The Food and Drug Administration announced Friday that low levels of a cancer-causing chemical have been found in samples of the antidandruff drug Zantac, colon and uterine cancer.
According to the FDA, low NDMA levels were found in ranitidine samples, a drug used to treat and prevent heartburn by reducing gastric acidity. It is distributed under the brand name Zantac.
It is unclear where the contamination came from. NDMA is the same chemical that has led to multiple drug-related drug recalls over the past year.
There is currently no recall of Zantac or ranitidine-containing medicines Antacids pose a health risk to the millions of people who take them, and it has been stated that the use of heartburn should stop only when more is needed is known.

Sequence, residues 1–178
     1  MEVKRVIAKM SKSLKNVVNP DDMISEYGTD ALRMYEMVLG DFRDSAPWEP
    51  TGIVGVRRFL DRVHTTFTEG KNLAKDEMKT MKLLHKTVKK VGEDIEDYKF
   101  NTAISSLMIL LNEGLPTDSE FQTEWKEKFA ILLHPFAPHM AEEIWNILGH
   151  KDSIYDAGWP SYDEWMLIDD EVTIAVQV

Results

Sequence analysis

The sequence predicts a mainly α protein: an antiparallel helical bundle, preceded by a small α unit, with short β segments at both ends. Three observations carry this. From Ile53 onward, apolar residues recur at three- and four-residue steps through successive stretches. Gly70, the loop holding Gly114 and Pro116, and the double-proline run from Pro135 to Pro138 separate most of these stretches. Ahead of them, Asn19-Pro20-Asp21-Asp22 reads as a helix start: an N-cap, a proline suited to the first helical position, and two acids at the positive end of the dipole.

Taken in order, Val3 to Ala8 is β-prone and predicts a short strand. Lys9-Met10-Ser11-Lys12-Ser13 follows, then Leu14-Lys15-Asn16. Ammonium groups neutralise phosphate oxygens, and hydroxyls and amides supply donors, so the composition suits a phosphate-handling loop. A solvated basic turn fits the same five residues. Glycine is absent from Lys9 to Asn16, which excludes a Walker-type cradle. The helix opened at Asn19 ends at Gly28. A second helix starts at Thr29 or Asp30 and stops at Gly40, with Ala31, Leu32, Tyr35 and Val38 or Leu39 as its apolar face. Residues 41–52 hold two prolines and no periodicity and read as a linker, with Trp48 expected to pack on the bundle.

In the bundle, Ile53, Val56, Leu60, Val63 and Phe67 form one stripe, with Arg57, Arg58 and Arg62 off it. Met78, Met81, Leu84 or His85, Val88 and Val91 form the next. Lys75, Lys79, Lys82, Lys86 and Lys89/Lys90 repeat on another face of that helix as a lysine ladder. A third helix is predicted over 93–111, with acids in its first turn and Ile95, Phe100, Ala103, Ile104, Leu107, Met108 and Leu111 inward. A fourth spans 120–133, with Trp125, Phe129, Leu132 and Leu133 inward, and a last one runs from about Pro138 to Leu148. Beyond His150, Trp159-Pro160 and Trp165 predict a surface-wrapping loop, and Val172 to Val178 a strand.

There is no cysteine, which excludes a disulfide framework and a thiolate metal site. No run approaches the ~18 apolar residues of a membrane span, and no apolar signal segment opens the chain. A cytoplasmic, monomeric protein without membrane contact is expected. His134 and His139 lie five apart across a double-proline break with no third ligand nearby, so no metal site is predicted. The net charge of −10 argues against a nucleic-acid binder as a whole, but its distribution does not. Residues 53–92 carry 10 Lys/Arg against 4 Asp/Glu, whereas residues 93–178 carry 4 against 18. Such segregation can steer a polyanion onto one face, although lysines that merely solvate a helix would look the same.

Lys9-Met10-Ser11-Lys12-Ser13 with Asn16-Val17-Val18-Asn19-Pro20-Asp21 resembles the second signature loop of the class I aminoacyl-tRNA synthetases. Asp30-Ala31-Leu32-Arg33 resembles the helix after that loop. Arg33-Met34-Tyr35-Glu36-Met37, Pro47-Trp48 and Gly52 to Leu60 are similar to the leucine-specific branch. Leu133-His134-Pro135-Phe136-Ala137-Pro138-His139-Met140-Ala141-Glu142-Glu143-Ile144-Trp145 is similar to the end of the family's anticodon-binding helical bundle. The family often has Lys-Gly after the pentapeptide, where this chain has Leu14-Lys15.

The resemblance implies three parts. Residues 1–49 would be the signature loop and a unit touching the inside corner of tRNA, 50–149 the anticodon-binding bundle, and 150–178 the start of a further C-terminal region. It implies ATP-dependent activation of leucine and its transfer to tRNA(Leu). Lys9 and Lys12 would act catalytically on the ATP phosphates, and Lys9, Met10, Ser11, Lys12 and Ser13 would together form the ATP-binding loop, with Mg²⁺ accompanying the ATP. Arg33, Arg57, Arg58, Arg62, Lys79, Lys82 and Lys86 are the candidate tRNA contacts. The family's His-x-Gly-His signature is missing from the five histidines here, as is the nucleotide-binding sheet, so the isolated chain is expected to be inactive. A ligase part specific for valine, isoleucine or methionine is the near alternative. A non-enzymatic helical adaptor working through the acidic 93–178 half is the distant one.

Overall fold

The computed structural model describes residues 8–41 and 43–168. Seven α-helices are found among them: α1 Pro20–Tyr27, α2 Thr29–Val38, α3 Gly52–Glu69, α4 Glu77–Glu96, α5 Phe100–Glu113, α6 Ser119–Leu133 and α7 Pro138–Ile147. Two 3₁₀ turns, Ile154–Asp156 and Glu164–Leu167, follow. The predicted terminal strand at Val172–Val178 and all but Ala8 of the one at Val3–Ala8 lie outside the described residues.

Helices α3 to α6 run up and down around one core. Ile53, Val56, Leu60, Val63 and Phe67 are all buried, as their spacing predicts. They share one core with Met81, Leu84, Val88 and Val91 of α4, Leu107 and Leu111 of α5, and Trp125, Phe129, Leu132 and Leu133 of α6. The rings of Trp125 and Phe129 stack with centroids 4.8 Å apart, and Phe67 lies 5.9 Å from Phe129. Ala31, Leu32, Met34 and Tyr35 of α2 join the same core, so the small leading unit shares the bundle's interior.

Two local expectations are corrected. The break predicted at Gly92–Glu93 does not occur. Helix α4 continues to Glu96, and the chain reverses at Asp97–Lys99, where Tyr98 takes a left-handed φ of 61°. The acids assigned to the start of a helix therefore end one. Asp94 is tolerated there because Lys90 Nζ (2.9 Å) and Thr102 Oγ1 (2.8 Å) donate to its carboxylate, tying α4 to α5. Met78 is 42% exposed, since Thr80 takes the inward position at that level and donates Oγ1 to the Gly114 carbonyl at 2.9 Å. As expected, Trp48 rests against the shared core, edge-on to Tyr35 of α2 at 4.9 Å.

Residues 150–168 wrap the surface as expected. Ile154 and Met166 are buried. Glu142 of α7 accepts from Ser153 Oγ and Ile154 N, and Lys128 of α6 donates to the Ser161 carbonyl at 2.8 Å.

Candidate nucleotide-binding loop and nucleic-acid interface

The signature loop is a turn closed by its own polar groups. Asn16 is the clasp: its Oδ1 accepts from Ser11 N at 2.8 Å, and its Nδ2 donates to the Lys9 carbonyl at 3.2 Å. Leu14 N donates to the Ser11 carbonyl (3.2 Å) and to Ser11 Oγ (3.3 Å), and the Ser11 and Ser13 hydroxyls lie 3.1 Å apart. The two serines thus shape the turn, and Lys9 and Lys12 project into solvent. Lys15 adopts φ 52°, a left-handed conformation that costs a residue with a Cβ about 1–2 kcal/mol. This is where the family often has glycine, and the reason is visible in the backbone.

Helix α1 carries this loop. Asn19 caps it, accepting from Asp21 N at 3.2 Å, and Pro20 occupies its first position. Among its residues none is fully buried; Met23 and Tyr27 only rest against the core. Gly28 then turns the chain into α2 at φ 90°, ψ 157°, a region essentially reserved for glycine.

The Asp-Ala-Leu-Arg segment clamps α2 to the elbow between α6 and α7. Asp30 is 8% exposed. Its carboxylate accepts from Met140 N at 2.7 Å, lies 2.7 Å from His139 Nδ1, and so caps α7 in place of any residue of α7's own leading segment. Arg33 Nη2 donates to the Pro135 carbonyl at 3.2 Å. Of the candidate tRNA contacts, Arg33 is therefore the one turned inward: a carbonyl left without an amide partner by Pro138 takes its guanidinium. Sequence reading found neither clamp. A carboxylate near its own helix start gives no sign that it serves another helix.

Other available on the market heartburners such as Prevacid, Nexium and Prilosec contain different ingredients and are not included in this warning.
"Patients should be confident that their medicines are as safe as possible and that the benefits of ingesting them outweigh any risk to their health," said Drs. Janet Woodcock, director of the FDA Center for Drug Evaluation and Research, in a statement.
"Although NDMA can cause harm According to the Centers for the Control and Prevention of Diseases, NDMA was found in tobacco smoke, chewing tobacco and sausages such as bacon.
Ranitidine is sold over the counter as a heartburn drug, but is also used to treat Gastric ulcers and gastroesophageal reflux disease were used.
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